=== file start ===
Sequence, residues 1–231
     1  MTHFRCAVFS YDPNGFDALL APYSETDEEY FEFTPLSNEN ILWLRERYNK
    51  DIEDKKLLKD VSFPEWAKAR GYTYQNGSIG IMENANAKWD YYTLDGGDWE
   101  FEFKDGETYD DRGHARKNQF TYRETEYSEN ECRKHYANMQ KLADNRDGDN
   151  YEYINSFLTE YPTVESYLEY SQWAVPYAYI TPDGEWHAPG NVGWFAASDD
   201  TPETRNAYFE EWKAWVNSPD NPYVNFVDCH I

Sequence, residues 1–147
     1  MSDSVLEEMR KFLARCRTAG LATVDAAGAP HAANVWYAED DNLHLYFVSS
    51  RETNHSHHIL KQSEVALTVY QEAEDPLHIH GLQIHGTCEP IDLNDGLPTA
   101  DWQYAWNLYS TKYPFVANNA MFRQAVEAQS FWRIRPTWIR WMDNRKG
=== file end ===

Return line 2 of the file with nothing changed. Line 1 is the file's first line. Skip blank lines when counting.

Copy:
     1  MTHFRCAVFS YDPNGFDALL APYSETDEEY FEFTPLSNEN ILWLRERYNK